Mission 778X Integrated Amplifier Company’s First Since 80s

Posted on 8th December, 2022

Mission 778X Integrated Amplifier Company’s First Since 80s

Mission’s 778X is its first integrated amplifier in forty years and features everything expected from a 21st century component.

As Mission's 778X integrated's name might suggest, the company is looking fondly back to 1983 when it introduced its 778 amp before creating Cyrus, allowing Mission to concentrate on loudspeakers with Cyrus focussing on electronics.

Mission 778X integrated amplifier

Indeed, the 778X retains the DNA of the original in its compact, half-width design that Cyrus later became famous for. The new Mission exudes elegant simplicity and promises to deliver a sound that belies its diminutive footprint. Mission says it has also kept things affordable at $1,149.99 in Australia - in fact, the original 778 sold for £240 in the UK, and when adjusted for inflation, that translates to around £745 (AUD~$1350) - so the company's second integrated is even more attainable.

Mission 778X integrated amplifier

While forty years is a long time to wait for Mission's follow-up integrated amplifier, the 778X certainly looks up-to-date with asynchronous USB Type B and three S/PDIF sockets (one coaxial and two optical) alongside optical and coaxial digital outs. In addition, analogue signals are accommodated via three stereo RCA inputs – two line-level plus an MM phono input for turntables. The phono stage is said to be a “high-quality, low-noise, JFET-based circuit” that provides precise RIAA equalisation. Finally, pre-out sockets offer the option to add an external power amplifier.

Mission 778X integrated amplifier

Wireless streaming comes by way of Bluetooth for audio streaming from smartphones, tablets and the like, with support for multiple codecs, including aptX and AAC.

Digital sources benefit from the 778X's internal DAC built around the ES9018K2M chipset from the Sabre32 Reference family. This hands the new amp ESS Technology's 32-bit HyperStream architecture and Time Domain Jitter Eliminator to deliver excellent dynamic range and ultra-low distortion. Furthermore, hi-res PCM is supported to 32-bit/384kHz, alongside DSD to 11.2 MHz (DSD256). We are told that care has been taken to partner the ESS chip with complimentary circuitry, including a post-DAC active filter. Mission says its design team paid great attention to this circuit, using op-amps chosen explicitly for their synergy with the ES9018K2M.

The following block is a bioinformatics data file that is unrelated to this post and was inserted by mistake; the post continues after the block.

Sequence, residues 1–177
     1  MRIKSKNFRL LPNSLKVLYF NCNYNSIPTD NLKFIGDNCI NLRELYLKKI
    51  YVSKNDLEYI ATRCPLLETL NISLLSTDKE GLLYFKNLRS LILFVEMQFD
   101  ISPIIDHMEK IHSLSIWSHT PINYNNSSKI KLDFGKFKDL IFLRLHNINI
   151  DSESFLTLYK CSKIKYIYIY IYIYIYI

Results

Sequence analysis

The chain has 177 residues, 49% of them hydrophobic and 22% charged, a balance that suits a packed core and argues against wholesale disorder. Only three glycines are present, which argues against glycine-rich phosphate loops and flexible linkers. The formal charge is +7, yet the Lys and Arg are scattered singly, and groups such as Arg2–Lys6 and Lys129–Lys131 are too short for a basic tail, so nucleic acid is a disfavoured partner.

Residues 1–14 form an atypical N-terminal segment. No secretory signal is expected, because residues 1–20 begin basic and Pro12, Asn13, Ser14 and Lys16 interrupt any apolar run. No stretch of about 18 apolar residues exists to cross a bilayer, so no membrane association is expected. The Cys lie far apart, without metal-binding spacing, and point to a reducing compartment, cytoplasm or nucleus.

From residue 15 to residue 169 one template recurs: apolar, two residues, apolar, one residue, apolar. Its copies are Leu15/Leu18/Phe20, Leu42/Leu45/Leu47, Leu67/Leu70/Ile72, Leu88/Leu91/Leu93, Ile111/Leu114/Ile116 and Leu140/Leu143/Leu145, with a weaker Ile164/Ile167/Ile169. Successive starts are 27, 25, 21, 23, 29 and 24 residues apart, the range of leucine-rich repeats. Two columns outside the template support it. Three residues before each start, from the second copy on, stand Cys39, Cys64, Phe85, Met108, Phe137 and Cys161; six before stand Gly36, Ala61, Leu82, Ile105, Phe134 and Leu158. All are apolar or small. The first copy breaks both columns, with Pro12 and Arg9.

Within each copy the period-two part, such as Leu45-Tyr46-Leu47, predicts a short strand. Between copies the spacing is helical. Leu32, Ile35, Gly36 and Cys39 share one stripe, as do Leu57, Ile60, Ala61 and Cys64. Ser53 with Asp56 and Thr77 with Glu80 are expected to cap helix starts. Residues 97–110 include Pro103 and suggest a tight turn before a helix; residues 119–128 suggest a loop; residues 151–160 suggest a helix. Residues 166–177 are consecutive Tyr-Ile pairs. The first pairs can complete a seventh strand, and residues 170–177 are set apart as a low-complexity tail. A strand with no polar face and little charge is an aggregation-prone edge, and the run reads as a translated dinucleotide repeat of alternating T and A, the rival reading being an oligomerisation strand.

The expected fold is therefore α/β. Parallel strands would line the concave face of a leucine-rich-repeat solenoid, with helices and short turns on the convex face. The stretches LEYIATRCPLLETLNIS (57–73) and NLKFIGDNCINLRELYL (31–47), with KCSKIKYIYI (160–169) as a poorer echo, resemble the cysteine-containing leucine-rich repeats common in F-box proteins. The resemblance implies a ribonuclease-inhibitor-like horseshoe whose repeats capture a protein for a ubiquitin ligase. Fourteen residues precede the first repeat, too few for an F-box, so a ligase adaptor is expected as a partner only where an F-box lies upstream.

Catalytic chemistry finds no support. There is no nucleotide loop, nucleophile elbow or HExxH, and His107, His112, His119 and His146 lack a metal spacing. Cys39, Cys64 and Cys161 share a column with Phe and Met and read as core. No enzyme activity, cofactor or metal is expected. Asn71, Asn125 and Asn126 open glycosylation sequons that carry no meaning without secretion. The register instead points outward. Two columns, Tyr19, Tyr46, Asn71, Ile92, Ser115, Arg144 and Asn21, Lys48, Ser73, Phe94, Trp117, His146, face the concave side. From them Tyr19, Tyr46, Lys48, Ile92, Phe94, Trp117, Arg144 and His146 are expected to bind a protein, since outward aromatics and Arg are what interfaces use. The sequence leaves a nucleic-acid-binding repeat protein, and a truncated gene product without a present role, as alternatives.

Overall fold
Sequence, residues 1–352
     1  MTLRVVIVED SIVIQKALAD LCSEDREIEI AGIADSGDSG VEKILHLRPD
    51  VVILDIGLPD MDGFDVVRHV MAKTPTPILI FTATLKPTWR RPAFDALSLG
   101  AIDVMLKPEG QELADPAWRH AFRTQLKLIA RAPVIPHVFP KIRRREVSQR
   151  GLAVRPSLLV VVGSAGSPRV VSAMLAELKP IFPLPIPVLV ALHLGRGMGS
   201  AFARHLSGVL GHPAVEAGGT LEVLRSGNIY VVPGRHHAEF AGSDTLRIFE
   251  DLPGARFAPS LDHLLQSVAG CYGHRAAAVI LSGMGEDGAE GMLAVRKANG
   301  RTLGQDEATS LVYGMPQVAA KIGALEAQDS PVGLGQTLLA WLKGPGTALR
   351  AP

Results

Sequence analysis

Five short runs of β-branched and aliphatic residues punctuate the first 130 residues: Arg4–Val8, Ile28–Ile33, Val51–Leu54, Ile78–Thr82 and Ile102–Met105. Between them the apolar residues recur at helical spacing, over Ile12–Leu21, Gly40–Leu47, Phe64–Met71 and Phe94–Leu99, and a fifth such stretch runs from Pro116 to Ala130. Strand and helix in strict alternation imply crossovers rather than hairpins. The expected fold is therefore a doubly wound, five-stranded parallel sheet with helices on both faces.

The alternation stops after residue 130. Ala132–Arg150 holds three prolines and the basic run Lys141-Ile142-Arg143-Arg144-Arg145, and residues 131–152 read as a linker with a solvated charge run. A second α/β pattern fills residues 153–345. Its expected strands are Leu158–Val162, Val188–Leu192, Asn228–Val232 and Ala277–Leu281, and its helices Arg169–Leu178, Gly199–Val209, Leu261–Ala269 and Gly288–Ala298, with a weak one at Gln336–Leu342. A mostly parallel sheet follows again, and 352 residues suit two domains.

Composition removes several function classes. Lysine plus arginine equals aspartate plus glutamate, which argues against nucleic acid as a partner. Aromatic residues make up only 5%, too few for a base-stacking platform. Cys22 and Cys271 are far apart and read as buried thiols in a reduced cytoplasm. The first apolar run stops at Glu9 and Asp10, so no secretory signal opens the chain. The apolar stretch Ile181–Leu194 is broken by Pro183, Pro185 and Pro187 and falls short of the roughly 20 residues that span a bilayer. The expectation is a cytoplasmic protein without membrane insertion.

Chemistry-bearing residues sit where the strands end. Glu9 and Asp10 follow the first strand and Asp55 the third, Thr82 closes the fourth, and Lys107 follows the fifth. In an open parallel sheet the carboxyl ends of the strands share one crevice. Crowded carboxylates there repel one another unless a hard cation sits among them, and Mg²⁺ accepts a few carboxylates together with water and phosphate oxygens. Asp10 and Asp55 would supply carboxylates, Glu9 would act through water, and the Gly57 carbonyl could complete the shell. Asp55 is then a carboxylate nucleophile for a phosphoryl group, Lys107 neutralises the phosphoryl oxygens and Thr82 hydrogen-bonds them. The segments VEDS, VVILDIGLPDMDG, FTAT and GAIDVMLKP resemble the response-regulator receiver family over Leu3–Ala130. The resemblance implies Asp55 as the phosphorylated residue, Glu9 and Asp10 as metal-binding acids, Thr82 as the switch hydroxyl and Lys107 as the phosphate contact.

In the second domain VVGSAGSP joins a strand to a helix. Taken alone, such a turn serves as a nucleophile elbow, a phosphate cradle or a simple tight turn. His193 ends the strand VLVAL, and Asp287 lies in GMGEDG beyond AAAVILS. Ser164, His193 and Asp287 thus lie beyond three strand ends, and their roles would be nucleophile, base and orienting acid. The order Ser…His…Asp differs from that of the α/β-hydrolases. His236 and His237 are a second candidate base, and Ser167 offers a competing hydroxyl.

Mission 778X integrated amplifier

The 778X's power amp stage is a Class AB design incorporating a low-noise 200VA toroidal transformer, followed by a 2x15000uF reservoir capacity (30000uF in total). The amp's output is “conservatively rated” at 45W into eight ohms and 65W into four ohms.

Mission states that the preamp section is kept as simple as possible to maintain signal purity, with line input signals passing to a precision, microprocessor-controlled analogue volume stage. This is partnered with carefully planned preamp circuitry, protecting it from noise interference in concert with independent low-noise power supplies for all critical stages.

Mission 778X integrated amplifier

The front of the amp sports a pair of rotary controls – one for source selection, the other for volume. These are surrounded by white LEDs to show current settings. Between these controls are the IR sensor, power button and 6.3mm headphone output for late-night listening. The headamp sports a current feedback design and high slew rate, promising a dynamic and detailed performance with all headphones.

The Mission 778X integrated stereo amplifier will be available in Australia end-January 2023 in silver or black at an RRP of $1,149.99.

Visit Mission for more information

    Jay Garrett's avatar

    Jay Garrett

    StereoNET’s resident rock star, bass player, and gadget junkie. His passion for gadgets and Hi-Fi is second only to being a touring musician.

    Posted in:Hi-Fi
    Tags: mission  audio visual revolution 


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